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Students have been working with Cambridge Clinical Informatics

CCIJune2016
23 Jun 2016
A group of 28 Hills Road students recently took part in a six week project with Cambridge Clinical Informatics (CCI) part of the Department of Medicine, University of Cambridge.

The students were taught about the Consent for Contact project. This project looks at how patients of Addenbrooke’s and Rosie Hospitals could be asked to voluntarily join a research registry with their contact details and basic health and demographic details (not their full medical record), as necessary for selection of people who are likely to be able to join a given study.

Approved researchers affiliated with the University of Cambridge, or Addenbrooke’s or Rosie Hospitals could then contact patients on the research registry and invite them to join current or future research studies that they are eligible for.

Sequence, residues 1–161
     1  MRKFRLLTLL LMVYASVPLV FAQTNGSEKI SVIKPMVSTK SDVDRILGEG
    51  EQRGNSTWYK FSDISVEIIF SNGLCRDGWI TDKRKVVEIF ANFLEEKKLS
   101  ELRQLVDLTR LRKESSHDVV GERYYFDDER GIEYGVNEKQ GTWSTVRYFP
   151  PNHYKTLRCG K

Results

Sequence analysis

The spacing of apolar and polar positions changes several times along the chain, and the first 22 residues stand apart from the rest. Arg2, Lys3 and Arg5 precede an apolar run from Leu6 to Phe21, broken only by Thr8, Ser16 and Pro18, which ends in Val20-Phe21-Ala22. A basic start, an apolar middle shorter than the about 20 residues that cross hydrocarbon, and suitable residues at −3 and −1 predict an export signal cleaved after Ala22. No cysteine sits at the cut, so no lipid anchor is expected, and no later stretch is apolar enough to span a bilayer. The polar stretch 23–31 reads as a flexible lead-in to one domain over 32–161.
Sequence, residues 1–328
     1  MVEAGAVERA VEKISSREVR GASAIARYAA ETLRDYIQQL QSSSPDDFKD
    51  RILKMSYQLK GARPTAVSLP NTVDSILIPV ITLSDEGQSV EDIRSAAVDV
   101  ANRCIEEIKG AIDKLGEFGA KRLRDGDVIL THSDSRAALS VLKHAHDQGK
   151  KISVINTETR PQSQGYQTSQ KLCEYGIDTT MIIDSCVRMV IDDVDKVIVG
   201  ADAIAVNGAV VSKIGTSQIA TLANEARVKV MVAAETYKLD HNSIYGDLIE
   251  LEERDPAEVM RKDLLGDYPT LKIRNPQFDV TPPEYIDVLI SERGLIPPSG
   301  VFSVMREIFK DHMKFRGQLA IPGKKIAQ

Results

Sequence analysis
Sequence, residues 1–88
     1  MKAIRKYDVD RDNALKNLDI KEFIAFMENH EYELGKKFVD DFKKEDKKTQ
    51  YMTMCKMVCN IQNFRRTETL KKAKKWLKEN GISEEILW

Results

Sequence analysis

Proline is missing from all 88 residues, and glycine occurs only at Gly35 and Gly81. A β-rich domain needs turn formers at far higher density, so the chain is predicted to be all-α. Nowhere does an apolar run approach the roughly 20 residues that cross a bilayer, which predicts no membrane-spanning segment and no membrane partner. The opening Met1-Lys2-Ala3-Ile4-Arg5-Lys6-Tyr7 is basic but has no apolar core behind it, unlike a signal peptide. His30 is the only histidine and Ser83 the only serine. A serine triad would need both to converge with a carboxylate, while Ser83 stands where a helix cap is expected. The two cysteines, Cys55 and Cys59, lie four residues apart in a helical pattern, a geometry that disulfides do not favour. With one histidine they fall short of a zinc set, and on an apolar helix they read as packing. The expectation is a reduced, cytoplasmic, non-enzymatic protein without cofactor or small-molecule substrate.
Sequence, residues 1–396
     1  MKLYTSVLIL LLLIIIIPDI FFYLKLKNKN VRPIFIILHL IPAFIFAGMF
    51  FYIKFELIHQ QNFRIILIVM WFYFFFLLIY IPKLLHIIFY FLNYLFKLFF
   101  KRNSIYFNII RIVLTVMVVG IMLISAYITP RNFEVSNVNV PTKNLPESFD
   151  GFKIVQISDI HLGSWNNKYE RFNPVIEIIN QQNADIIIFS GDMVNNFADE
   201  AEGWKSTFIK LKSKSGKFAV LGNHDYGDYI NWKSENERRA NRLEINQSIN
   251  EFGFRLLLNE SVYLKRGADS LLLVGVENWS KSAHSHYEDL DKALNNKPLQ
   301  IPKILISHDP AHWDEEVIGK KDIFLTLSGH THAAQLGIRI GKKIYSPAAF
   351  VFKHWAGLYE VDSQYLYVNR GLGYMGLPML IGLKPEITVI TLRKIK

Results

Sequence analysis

The students were then taught about qualitative research, and how to gather data with recorded focus groups and semi-structured interview. They then used the focus groups (for their peers) and interviews (for their parents/guardians) to gather suggestions and opinions on the best ways to implement the Consent for Contact project.

The work that the students carried out as part of this project will prove invaluable to them for when they go on to related work placements or if they go on to study medicine or science at university. At the end of the project the students presented their findings and attended a dinner and awards ceremony with their parents at the University of Cambridge Graduate Centre, Mill Lane. Certificates were presented to all the students.

The results of the data that were collected by the students will help to develop a protocol which the CCI team hope to trial at Addenbrooke’s Hospital and the Rosie Maternity Unit.

One student, Heather Tong has gone on to volunteer to be part of the project advisory group for the CCI’s Consent for Contact Project, and has recently attended and contributed to the first meeting.

Hills Road Biology teacher and co-ordinator Ginny Hales said, “This was a really interesting project for the students, and allowed them to see how clinical informatics research projects are carried out, and to take part in each step of the process.”